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St Martin’s Lane hotel review: Be the star of your own show

Chess pieces in the lobby at the St Martin's Lane hotel
Chess pieces in the lobby at the St Martin's Lane hotel

Review: the St Martin’s Lane hotel in the heart of Theatreland is a wonderful place to indulge in a bit of vanity, says Adam Bloodworth

We’re all getting more narcissistic. No guesses why. But I did manage to shut down Instagram and Zoom for a moment recently to check into the St Martin’s Lane hotel in the West End. I’d heard they had really great mirrors in the rooms, so I could be vain IRL rather than online. Great, we love new experiences.

A bit of rest and relaxation, I thought, in a prime central location. My room was, as I’d heard, stunning. All glistening in pristine white like the set of a fashion shoot, when I walked in I was met by a frankly formidable mirror. I’m six foot two and it felt double my height, leaning provocatively against the bedroom wall. “Dare you to look at me” it said, so I drank the bottle of white wine in the fridge and turned some music on.

Increasingly, we’re looking for our hotel experiences to offer something different. Be it an urban safari, a hot tub overlooking the Battersea Power Station or a room that feels more like an elaborate TV studio than a bed for the night, allowing you to become the star of your own show, competition has never been more fierce to stand out from the crowd.

Designer Philippe Starck (yep, him from the metal lemon squeezers that look like space ships) designed the St Martin’s Lane hotel as a “surrealist wonderland.” Opened in 1999 at the dawn of a new millennium, the hotel must have felt miraculously fresh then, because it still does today. In the larger-than-normal-sized rooms, funky lighting fixtures hang from the ceilings like little space ships, others dramatically accentuate corners, and all the furniture is exciting-feeling and different, mostly in a futuristic way.

In a word, it’s all great fun. Some west London hotels go for this vibe but end up making it feel pretentious. The St Martin’s Lane feels actually arty and it had been a grand ambition of mine to check in one day.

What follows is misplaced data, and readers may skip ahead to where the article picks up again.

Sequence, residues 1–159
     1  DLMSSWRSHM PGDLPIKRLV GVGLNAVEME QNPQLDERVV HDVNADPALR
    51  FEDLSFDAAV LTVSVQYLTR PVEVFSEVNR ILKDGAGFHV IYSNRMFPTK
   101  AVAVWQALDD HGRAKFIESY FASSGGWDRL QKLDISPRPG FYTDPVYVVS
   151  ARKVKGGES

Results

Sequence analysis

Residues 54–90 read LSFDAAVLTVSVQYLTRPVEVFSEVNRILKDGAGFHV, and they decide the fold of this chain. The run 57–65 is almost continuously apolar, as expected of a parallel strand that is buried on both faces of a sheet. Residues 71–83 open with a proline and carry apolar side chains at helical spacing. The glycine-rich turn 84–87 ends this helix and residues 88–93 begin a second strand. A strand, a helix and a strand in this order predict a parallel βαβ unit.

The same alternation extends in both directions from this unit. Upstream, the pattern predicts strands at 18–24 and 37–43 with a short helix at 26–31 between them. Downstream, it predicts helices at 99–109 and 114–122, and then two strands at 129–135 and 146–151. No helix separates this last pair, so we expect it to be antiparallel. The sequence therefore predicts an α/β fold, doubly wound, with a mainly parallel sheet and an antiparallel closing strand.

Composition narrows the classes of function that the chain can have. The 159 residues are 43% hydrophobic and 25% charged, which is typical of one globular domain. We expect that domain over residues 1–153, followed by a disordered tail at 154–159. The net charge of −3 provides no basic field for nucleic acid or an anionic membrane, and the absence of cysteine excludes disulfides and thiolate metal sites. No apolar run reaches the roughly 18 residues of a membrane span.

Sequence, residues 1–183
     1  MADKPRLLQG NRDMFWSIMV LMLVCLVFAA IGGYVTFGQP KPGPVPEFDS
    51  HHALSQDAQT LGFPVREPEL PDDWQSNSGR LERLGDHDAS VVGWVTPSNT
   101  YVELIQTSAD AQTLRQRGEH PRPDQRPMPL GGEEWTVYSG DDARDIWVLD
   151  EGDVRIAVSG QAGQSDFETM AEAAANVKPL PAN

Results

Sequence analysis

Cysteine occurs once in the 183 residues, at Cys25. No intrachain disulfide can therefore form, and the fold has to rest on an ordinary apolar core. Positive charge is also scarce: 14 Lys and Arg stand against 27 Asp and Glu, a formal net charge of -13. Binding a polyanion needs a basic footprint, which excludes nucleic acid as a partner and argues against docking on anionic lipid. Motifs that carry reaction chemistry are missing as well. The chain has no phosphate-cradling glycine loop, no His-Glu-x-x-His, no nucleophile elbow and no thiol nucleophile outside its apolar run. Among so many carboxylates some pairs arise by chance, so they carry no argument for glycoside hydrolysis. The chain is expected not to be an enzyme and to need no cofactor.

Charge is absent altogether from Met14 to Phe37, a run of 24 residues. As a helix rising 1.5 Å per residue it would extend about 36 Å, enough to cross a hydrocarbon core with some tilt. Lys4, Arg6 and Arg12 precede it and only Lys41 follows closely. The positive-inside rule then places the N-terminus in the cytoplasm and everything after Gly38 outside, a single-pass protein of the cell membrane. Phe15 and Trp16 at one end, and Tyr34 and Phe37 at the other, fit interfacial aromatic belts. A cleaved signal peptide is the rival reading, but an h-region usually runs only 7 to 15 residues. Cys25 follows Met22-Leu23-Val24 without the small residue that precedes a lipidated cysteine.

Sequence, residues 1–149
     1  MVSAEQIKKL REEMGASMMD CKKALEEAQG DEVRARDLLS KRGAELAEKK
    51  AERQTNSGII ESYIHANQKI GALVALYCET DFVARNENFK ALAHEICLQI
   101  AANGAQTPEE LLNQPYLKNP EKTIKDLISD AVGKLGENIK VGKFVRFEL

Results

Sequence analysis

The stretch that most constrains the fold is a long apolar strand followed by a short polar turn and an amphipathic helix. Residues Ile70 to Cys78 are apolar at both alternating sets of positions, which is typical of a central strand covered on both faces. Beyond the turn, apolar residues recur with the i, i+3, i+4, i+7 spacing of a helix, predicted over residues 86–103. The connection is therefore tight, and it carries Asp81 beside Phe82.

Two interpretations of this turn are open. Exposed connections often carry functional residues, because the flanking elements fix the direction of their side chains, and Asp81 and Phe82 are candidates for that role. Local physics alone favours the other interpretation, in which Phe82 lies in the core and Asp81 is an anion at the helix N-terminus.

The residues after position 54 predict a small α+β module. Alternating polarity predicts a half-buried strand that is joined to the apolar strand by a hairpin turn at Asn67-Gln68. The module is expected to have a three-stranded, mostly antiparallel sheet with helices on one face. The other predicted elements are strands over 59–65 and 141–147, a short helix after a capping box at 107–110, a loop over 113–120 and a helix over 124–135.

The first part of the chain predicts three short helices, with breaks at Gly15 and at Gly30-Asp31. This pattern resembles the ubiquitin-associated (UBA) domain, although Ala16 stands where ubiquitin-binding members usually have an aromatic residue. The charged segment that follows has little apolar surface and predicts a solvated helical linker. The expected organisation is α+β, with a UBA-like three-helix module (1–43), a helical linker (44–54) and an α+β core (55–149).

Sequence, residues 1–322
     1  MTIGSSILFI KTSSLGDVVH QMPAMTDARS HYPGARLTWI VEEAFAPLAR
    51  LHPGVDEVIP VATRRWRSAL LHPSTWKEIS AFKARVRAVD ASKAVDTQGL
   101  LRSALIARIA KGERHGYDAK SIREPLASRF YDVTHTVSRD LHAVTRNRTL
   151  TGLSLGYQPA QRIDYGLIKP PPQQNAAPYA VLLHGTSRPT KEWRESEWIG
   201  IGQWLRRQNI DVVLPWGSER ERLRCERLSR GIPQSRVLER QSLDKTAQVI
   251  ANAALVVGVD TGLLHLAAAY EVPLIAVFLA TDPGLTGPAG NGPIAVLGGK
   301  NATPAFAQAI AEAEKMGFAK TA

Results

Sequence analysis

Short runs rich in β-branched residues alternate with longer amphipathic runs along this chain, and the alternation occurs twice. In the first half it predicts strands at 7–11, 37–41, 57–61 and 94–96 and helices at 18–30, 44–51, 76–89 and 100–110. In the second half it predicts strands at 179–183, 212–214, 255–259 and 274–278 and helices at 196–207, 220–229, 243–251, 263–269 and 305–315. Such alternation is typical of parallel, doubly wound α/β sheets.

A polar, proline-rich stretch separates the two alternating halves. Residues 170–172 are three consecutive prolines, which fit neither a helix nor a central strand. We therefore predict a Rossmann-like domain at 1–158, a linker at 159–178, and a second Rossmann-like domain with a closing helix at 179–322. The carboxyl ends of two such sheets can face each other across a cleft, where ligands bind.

I had grand plans for my evening but sacked them off to prance about in my room in my robe. Forget the public, I have rarely had such a fun and memorable night in central London, and all I did was sit around. I peered out from my floor-to-ceiling window onto the back of the Coliseum between poses in the enormous mirror, then before long I realised the window wasn’t blacked out from the outside and, mortified, continued my party-for-one with the drapes shut.

Downstairs it’s more eccentric. Giant objects in primary colours, including massive chess pieces and, erm, teeth, are plonked around the foyer. A lobby restaurant (with good food) celebrates stars from Hollywood’s past. Blown up into giant pieces of art (of course) they’re almost the size of my bedroom mirror. It’s all a contrast to the less-than-playful outside of the building. From the street the hotel looks more like a cryingly dull ’70s office block – but that’s all part of the fun ’cause it makes the inside feel like a surprise.

At the table next to me for breakfast two Hollywood movie execs were discussing some upstart or other they saw on stage last night. Americans were everywhere. I can understand why: the St Martin’s Lane hotel is a dose of American eccentricity. It’s a rarity in London and an absolutely amazing – and hilariously fun – place to recharge for the night. If you ever feel your creativity isn’t being matched then go here. I promise it’s the sort of travel experience we’re all craving right now: something totally odd and beguiling.

View rooms at the St Martin’s Lane hotel

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